The magnitude of what was about to happen to Cole Jarrett dawned on him when he stepped into the dugout Tuesday.
“I’m playing at Camden Yards,” the Boys’ Latin outfielder said he realized. “I’m batting leadoff. This is the coolest thing I’ve ever done.”
The city’s top baseball players took the field at Camden Yards while the Orioles were away for the seventh President’s Cup, an all-star game pitting the best of Baltimore’s private-school standouts against its top public-school performers.
Jarrett and 19 other Maryland Interscholastic Athletic Association ballplayers donned black and purple jerseys with “MIAA” emblazoned across the front and back. Across the diamond, leaning against the rail of the first base dugout, were another 21 graduated seniors wearing orange with black “BCPS” lettering, for Baltimore City Public Schools. Only the caps of their high school team separated one teammate from another.
The MIAA All-Stars downed the BCPS All-Stars, 11-0, but it wasn’t so much the score as the spirit of the game that mattered.
“Baseball has been a lost sport in the city of Baltimore,” said Baltimore City Council President Bernard C. “Jack” Young, who began the annual game in 2011. “Once, you could find kids playing on fields all around the city, but now the only fields are for established leagues.”
Last year’s President’s Cup was cancelled because of violations of Maryland Public Secondary School Athletic Association regulations. In response, Young tweaked the all-star format so that only graduating seniors who had exhausted their MPSSAA eligibility could play.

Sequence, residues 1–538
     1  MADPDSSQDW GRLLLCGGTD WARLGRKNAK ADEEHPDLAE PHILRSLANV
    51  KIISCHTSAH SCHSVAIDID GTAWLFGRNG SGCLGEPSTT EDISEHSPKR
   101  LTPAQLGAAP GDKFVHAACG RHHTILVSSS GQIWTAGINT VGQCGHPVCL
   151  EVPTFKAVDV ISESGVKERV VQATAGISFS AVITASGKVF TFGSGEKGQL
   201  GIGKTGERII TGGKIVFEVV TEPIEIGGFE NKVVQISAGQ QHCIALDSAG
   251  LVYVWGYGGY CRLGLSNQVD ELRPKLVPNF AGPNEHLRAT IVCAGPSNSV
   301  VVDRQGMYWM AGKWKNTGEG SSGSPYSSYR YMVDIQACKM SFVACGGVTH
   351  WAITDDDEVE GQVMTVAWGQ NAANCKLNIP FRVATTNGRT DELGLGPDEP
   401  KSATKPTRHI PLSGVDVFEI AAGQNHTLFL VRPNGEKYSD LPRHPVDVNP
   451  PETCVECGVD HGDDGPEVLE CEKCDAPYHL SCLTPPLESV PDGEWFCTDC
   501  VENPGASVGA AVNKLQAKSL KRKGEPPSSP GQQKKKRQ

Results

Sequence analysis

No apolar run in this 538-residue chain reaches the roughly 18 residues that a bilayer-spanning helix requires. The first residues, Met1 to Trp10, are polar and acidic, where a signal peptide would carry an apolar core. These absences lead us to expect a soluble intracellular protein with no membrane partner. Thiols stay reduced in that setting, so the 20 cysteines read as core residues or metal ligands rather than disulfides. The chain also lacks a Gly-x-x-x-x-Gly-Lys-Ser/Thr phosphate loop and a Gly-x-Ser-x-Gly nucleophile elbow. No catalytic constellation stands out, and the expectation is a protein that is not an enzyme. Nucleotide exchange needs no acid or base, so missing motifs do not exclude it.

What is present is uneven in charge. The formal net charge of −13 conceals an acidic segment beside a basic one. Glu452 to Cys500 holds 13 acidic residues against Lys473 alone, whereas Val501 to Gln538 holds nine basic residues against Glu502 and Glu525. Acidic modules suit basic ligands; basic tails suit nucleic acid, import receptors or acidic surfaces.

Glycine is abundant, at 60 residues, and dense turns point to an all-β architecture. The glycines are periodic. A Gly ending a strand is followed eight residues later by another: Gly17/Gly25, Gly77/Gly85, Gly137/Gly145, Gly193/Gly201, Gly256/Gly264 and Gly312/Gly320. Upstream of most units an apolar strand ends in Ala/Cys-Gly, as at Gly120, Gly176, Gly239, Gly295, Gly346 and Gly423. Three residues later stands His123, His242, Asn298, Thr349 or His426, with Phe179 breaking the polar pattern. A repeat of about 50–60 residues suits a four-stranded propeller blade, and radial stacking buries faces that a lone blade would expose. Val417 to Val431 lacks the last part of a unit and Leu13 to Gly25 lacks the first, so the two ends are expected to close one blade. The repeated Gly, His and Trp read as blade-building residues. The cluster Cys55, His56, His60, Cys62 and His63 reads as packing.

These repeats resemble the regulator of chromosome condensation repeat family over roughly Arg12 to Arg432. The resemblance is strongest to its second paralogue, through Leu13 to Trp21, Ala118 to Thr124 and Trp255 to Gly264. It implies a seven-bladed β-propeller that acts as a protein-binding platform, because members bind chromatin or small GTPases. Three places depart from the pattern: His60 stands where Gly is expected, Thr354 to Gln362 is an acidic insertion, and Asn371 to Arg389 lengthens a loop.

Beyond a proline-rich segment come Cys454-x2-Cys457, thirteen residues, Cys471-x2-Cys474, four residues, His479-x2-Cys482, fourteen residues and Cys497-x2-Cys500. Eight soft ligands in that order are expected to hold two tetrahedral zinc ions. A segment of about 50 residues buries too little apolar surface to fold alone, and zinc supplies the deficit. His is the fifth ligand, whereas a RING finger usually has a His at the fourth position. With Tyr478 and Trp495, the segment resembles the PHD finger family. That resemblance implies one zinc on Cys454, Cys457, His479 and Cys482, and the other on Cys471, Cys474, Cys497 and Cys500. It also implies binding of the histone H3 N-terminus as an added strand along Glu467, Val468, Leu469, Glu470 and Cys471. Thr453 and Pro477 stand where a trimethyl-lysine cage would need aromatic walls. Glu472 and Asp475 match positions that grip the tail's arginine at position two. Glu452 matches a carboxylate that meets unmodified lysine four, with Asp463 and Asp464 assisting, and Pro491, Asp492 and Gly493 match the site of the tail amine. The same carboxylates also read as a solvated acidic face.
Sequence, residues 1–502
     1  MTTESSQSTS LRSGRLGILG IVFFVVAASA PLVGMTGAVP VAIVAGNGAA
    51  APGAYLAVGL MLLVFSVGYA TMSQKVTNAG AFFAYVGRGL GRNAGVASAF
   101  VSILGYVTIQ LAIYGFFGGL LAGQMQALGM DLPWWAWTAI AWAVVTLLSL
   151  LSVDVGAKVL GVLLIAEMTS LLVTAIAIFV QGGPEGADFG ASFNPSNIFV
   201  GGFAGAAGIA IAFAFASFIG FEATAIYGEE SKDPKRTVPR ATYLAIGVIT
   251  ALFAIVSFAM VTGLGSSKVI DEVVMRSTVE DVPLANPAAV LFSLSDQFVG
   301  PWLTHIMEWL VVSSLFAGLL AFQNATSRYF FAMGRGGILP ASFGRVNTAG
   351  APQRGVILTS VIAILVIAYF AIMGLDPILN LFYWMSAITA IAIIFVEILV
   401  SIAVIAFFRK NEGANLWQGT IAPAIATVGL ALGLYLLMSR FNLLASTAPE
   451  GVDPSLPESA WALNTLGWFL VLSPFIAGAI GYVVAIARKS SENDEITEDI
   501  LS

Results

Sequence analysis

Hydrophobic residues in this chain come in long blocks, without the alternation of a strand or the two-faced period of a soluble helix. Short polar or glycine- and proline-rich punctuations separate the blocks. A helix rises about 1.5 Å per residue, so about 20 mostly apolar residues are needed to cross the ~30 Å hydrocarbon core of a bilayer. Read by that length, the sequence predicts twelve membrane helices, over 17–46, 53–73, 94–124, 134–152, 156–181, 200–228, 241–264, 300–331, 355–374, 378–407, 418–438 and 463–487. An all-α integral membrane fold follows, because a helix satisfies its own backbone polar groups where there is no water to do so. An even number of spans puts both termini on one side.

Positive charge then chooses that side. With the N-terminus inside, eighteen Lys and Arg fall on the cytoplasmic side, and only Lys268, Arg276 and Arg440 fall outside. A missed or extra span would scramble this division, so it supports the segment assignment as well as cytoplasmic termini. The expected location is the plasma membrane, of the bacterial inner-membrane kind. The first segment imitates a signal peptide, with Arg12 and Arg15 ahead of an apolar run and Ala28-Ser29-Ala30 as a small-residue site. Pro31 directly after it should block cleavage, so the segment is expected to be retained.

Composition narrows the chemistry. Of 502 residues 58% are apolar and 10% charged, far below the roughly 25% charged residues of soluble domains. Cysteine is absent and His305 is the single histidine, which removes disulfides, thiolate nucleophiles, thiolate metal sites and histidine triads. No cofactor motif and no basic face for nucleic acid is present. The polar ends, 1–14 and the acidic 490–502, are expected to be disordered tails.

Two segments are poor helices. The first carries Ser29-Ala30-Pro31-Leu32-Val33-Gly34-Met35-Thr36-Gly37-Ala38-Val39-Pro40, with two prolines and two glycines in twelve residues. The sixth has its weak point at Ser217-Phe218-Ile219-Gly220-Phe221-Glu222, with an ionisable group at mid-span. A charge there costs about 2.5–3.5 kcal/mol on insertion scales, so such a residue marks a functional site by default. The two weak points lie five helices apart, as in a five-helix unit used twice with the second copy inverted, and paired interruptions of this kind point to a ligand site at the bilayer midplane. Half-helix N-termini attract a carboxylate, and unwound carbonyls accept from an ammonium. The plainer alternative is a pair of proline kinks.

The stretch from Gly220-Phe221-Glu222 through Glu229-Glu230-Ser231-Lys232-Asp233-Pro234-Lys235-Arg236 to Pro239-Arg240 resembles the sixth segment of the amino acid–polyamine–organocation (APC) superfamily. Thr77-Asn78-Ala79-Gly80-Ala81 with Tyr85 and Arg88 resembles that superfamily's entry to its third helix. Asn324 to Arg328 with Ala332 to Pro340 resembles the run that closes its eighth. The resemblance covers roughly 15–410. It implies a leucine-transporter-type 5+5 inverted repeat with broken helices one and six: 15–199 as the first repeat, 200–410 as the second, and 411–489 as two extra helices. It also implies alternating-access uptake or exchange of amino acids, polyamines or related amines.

“This game is about bringing kids together to bond and share experiences,” he said.
For coaches of both teams, the Camden Yards experience was just as exhilarating.
“Friendship,” said MIAA All-Stars and St. John’s Catholic Prep coach Omar Enriquez. “These kids are now friends for life.”
The MIAA All-Stars rolled to the trophy with 11 runs on 11 hits while keeping the BCPS All-Stars hitless. Jarrett set the tone with a leadoff triple in the first, and St. John’s Catholic Prep’s AJ Javitt followed with a double.
After the two teams traded three scoreless innings, the MIAA All-Stars cracked the game open in the top of the fifth, plating six runs on a single, three doubles and a triple. They logged another three runs in the sixth to cap the scoring.
“We could have done better,” Douglass pitcher-shortstop Tyler Louis said. “But after all of it, we did what we did. It still feels like a dream to me.”
When Louis climbed the mound to start for the BCPS All-Stars, images of major league greats flashed before him.
“Nolan Ryan, all those pitchers before me,” he said. “It’s amazing.”
Before the game, Isaac Spokes, a pitcher-outfielder from Poly who secured Most Outstanding Player honors for the BCPS All-Stars, had to balance his unfolding dream with the seven innings he still had to play.
“It’s the same as a regular game, but the atmosphere is so different,” Spokes said.
Each player exited the on-deck circle to a walk-up song. Scoreboard videos that play during actual Orioles games still entertained the crowd in between innings. Children shouted, “Right crab!” during the Old Bay Crab Shuffle.
“It inspires a different level of play,” said Spokes, who shut down the MIAA All-Stars in the third and fourth inning and returned in the fifth to retire the final batter with a strikeout and stem the bleeding.
Ultimately, the final score didn’t matter as much to the players. Opponents-turned-friends crossed team lines to trade phone numbers and take photos.
“These are top players from our league,” said Javitt, who will play for Harford Community College next season. “We got along well and we got the win.”